Avengers, MEND bicker over truce talks with government
Avoid opportunists, ex-militant cautions
The Niger Delta Avengers (NDA) is in a war of attrition with the rival Movement for Emancipation of the Niger Delta (MEND) over who gets what in the ongoing peace negotiation with state and federal governments.
The NDA, at the weekend, condemned the purported efforts of some former militants operating under MEND for allegedly acting the script of some elements in government bent at causing confusion with a view to scuttling the ongoing truce talks.
The Avengers, in a statement on their website, alleged that Ebikabowei Ben (Boyloaf), Ayiri Emami, Timipre Sylva and Adams Oshiomhole conspired and promoted the creation of a “political MEND” which purportedly named a team to negotiate with the Federal Government.
“We are making the last appeal and warning to this so-called MEND to excuse the NDA from their criminal ways and gang-ups. Nobody can ambush the struggle, the world knows that Boyloaf and his group have been settled since 2009 of which he is still collecting stipends for ghost names in the presidential amnesty programme (PAP),” the group claimed.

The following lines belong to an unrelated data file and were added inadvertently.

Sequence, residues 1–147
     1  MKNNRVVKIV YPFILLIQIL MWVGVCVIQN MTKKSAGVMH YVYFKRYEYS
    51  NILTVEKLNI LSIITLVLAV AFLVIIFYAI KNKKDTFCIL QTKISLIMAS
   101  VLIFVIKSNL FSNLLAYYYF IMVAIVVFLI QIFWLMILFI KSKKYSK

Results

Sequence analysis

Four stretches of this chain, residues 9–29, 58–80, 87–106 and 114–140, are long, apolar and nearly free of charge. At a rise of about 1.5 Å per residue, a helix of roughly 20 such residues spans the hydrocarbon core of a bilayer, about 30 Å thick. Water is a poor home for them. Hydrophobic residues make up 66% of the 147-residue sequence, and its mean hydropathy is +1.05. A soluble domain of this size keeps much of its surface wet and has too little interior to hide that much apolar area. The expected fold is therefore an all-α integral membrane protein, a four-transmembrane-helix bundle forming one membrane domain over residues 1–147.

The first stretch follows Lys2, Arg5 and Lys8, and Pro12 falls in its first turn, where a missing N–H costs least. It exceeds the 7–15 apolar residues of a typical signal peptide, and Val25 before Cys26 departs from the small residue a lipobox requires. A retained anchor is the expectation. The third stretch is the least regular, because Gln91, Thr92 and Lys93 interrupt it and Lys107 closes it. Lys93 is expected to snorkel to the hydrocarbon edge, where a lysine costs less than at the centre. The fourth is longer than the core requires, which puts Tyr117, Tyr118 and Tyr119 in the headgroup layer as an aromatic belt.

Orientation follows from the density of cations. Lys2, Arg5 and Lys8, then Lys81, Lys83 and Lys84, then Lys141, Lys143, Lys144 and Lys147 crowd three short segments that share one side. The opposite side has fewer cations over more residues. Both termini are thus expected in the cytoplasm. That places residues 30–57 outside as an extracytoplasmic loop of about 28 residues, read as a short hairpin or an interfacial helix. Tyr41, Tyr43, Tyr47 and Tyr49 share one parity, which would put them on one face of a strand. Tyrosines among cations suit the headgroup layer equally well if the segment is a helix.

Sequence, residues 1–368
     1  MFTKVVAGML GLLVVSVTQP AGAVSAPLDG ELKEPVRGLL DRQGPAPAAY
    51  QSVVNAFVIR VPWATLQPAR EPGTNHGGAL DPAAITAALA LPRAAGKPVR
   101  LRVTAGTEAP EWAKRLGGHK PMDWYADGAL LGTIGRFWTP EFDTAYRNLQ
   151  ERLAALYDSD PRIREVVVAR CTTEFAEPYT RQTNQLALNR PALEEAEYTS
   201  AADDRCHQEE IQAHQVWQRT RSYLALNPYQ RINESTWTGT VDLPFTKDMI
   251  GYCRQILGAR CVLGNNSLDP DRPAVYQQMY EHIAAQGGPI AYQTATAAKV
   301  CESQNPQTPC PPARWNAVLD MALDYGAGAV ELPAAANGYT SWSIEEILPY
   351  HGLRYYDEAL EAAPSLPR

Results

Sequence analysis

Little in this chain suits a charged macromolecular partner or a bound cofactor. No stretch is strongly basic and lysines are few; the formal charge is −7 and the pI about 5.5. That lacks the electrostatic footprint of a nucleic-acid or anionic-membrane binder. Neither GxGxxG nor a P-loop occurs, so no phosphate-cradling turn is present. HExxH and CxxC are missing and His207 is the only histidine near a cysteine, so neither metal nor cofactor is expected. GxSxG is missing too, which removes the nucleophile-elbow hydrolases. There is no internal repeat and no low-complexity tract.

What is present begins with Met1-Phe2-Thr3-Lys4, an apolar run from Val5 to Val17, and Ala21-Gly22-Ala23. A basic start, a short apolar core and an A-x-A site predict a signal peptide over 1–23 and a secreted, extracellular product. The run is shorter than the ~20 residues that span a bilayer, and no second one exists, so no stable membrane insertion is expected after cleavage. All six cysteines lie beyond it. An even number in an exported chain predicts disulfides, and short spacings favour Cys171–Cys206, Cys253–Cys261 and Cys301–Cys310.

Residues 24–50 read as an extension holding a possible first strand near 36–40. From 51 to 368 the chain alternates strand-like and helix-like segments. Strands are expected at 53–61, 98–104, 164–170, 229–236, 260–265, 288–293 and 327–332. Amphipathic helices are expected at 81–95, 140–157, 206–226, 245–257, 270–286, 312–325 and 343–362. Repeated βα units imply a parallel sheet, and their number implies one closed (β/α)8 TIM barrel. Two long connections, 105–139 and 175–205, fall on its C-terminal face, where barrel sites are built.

MEND had recently alleged that “the Niger Delta Avengers (NDA) is the vehicle currently being used by Niger Delta political elite and associates of former President Goodluck Jonathan to destabilise President Buhari’s government. It was these political juggernauts who are loathe to see President Buhari gain a foothold in the region.”
An accusation which the NDA roundly denied.
Meanwhile, an erstwhile militant and leader of the Ifalibabou Revolutionary Movement, General Keithy Sese, has cautioned government to be wary of
the people or group it is negotiating with in the current effort to douse tension in the Niger Delta.
Sese, also known as Nomukeme within the fold of ex-agitators, gave the warning in a statement at the weekend.
The former militant, who was controlling Foropa-Middleton and territories in Southern Ijaw, Local Council of Bayelsa State, urged government not to dialogue with those he described as “political jobbers and opportunists.”
He continued: “My advice to the Federal Government is whatever ought to be done in Niger Delta should be done with the utmost sagacity and exigency. The
consciousness of the people has risen to a point where even if a devil takes up the struggle for our liberation, we will certainly queue behind him with requisite support and effort.”